In a deal that spared him a potential life sentence, a La Jolla man has pleaded guilty to involuntary manslaughter for selling fentanyl-laced pills to a woman who later died.
Joshua Alan Breslow, 54, was originally charged with murder in the September 2020 death of Sally Manchester Ricchiuti. She is the daughter of well-known San Diego developer Doug Manchester.
Breslow pleaded guilty to involuntary manslaughter and two counts of possession for sale of a controlled substance. He’s now facing a 15-year prison sentence.
Though Breslow’s attorney disputes the claim, prosecutors say Breslow was aware the pills he was selling were tainted with fentanyl. It was the basis for the original murder charge, which would have potentially carried a 25-years-to-life prison sentence.
“It doesn’t look like she knew what she was taking, and so when she was taking these pills, it did not appear like she was aware they were laced with fentanyl,” Deputy District Attorney Joel Madero said.
Even after Manchester Ricchiuti’s death, investigators found hundreds of fentanyl pills, cocaine and other drugs in Breslow’s La Jolla home, according to prosecutors.
Madero said the plea agreement to a lesser charge was part of a "complicated negotiation" process, in part, made with input from the Manchester family. The prosecutor said the case is a testament to the growing number of fentanyl-related cases and deaths.
“You just never know, and it could be in pill form, it could be powder form, we’ve seen in the past cocaine laced with fentanyl, letting people who are addicted to substances know that this is extremely dangerous,” said Madero.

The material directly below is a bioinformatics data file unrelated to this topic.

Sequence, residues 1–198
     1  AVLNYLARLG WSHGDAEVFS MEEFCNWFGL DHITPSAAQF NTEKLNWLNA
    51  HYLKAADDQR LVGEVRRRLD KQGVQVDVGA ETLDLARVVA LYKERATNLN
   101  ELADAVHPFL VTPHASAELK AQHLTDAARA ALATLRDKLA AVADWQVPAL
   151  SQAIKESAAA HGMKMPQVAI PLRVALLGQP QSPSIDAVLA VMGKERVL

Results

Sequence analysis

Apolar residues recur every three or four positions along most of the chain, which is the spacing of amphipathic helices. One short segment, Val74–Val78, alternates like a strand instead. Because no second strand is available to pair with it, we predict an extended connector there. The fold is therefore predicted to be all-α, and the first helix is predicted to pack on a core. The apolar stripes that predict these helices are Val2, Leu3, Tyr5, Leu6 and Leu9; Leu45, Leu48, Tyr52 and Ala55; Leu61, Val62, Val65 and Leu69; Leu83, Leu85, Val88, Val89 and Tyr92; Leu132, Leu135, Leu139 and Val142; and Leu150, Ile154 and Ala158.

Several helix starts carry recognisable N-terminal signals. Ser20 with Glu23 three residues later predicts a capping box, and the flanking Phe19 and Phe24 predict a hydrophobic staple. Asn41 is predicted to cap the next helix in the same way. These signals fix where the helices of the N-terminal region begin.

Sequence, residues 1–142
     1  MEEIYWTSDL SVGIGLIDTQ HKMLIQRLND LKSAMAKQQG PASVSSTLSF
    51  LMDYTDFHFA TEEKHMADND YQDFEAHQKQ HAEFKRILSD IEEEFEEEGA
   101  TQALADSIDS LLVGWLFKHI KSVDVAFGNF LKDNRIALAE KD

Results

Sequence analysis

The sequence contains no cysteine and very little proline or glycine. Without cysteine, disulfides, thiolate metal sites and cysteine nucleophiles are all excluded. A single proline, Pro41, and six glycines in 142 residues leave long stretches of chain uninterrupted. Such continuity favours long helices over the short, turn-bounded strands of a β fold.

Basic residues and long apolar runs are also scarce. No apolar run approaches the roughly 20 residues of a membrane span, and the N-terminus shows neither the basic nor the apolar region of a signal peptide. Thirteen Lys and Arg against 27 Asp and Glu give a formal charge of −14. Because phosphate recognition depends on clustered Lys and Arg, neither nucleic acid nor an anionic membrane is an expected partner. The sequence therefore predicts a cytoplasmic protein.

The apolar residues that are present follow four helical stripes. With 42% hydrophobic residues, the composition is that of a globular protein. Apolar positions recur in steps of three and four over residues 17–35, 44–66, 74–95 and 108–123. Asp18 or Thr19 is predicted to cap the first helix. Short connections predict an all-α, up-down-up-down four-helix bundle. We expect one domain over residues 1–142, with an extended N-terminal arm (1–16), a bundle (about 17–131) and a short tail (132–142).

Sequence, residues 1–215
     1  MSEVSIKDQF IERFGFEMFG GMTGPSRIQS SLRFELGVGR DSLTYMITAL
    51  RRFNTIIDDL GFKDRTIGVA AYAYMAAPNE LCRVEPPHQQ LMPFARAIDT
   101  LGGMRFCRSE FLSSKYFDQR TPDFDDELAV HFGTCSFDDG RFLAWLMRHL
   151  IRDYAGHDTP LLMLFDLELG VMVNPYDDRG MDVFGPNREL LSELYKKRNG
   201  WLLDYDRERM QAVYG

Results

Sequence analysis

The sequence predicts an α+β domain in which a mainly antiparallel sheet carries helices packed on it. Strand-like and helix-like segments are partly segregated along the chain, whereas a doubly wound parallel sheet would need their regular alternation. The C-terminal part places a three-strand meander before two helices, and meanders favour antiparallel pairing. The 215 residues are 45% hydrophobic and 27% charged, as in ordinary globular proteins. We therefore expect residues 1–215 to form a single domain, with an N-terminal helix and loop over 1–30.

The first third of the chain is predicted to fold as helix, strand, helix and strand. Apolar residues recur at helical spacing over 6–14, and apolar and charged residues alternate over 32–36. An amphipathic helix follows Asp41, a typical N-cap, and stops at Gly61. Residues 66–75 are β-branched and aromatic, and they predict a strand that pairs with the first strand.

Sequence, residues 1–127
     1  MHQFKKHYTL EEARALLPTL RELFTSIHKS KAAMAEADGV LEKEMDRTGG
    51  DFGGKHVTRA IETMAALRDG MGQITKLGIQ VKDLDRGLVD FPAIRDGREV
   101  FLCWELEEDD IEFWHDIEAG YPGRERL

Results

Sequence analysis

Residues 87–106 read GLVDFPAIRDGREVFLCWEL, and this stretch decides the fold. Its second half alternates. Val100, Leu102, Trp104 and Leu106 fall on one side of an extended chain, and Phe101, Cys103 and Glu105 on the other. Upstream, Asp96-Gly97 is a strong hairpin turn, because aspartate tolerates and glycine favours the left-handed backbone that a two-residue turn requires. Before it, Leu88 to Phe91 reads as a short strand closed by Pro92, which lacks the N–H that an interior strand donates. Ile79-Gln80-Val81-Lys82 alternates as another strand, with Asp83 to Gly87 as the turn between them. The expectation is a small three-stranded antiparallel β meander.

Since 2020, 168 defendants have been prosecuted for dealing fentanyl, and in 2021, the office prosecuted 223 individuals for a total of 395, according to the District Attorney’s office. Five of those defendants were charged with murder.
Breslow, who appeared on the verge of tears during the plea change hearing, has expressed remorse, according to his attorney.
“He’s extremely remorseful, and I think you’ll see that at the sentencing. He’s been remorseful since day one. Sally was someone that he know very well. They went to high school together. They’ve known each other their entire lives and it’s really a double tragedy for both sides,” Breslow’s attorney Doug Gilliland said.
The San Diego County Board of Supervisors took a stand against the fentanyl epidemic on Tuesday by declaring a public health emergency.
Supervisors say it will help the county raise awareness about the issue and secure the necessary resources to fight the drug the CDC claims was the number one killer of people 18 to 45 years old in the U.S. last year – that’s more deaths attributed to fentanyl than COVID, heart disease, gun violence and car accidents.